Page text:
Sometimes seeing is not believing. I am thinking of when maps are presented to show the results of an election. Take the 2017 UK parliamentary election for example. A standard map projection of the UK, the type we are used to seeing in any atlas, shows England almost entirely Conservative blue. Ignoring the other parties at the moment, Labour red only appears in small packets, around London, South Wales, the M62 corridor and the North East.
We know however that this does not reflect the actual result where the Conservative Party ended up with just under half of the parliamentary seats. The standard projection gives a distorted view because, in a huge generalization, the Conservatives tend to win in constituencies that are more rural with greater area and less densely populated, while Labour tend to be successful in constituencies that are more urban and more densely populated.
I live in Northumberland where Labour lead in the south eastern part of the county, the former mining areas and the Conservatives lead in the two rural constituencies. On a standard map projection blue is the predominant colour.
My view is that gives the impression that one party is much more dominant than it really is and would like to see greater use of different kinds of projections when presenting political information.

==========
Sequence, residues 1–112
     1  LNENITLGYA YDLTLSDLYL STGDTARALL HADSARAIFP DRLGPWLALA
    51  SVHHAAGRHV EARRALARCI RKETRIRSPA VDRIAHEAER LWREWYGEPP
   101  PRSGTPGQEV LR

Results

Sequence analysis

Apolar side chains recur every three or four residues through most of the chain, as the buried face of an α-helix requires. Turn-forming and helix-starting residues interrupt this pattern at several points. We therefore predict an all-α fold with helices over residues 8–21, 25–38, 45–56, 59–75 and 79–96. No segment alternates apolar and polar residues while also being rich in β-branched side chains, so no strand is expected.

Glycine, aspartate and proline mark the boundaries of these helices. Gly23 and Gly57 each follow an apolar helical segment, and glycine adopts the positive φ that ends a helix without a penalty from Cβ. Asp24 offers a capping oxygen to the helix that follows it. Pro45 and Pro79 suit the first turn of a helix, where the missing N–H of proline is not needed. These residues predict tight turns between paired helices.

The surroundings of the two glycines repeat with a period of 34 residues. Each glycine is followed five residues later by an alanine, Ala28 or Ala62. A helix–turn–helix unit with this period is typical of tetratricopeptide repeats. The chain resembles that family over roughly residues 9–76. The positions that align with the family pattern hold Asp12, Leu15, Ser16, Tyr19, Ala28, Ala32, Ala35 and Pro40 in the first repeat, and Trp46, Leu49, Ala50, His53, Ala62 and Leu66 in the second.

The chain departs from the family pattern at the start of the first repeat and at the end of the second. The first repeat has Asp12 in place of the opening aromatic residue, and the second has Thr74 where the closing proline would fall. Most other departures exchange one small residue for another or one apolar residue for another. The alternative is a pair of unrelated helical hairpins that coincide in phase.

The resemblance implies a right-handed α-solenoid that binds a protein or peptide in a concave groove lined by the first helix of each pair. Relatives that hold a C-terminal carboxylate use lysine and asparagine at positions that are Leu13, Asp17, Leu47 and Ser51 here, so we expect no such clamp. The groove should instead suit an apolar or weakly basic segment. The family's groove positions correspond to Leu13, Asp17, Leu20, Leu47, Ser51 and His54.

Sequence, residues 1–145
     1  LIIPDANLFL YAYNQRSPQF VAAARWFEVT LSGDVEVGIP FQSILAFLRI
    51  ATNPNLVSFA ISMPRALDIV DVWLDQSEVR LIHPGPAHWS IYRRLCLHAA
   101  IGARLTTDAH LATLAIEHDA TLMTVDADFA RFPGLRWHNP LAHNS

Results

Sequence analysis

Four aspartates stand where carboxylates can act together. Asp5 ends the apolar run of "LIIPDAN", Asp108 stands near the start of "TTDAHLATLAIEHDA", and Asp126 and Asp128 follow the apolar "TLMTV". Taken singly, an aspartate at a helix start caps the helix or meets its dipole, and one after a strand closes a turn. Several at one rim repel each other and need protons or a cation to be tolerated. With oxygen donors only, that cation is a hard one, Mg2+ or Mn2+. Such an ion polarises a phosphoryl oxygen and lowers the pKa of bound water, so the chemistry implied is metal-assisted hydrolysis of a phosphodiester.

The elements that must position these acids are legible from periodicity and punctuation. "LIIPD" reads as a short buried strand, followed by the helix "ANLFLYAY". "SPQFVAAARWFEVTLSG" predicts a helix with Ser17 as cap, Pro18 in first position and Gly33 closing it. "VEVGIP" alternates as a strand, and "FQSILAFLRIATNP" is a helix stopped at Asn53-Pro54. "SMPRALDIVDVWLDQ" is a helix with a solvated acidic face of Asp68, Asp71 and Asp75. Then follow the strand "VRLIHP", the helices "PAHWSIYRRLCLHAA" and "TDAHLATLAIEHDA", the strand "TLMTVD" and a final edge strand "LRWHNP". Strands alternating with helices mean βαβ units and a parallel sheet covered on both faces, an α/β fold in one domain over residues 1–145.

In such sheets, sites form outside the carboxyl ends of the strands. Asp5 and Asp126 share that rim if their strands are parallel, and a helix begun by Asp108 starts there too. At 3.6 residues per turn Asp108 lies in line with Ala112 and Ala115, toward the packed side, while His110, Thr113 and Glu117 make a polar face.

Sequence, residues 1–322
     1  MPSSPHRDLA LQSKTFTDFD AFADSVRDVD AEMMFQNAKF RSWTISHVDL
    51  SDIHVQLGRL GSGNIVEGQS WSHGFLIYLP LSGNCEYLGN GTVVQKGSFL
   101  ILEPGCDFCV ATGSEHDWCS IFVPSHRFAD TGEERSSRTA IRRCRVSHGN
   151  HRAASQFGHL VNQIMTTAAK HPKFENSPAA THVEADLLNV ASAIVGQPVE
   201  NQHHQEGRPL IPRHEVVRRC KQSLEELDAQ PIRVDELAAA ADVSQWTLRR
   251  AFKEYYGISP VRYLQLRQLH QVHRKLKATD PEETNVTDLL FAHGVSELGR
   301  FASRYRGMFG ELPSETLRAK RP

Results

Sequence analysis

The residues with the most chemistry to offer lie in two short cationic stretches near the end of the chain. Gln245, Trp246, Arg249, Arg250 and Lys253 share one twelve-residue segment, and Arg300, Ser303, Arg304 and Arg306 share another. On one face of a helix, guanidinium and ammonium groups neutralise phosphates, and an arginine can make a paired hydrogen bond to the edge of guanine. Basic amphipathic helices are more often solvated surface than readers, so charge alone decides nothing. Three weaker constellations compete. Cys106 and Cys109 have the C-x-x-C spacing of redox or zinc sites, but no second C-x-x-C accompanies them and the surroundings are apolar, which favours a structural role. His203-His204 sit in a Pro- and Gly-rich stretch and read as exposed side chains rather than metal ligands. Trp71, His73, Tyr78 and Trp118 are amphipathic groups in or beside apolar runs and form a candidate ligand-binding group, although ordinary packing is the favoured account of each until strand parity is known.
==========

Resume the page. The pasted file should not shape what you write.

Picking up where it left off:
That’s why I was delighted to be pointed at the article ‘Cartographic perspectives of the general election’ by Dr Benjamin D. Hennig, Associate Professor of Geography at the University of Iceland and Honorary Research Associate in the School of Geography and the Environment at the University of Oxford.
Three projections are shown giving a breakdown of the 2017 election, the geographic (or normal), the constituency view and the population view. The consistency views show all constituencies as if they were exactly the same size, while the population view shows constituencies resized based upon the number of people within. Both show a more even spread between red and blue.
When it comes to political representation I would suggest that the constituency view is always used on television and in the printed media, as it more closely represents reality in terms of the make up of parliament.
The article can be found here.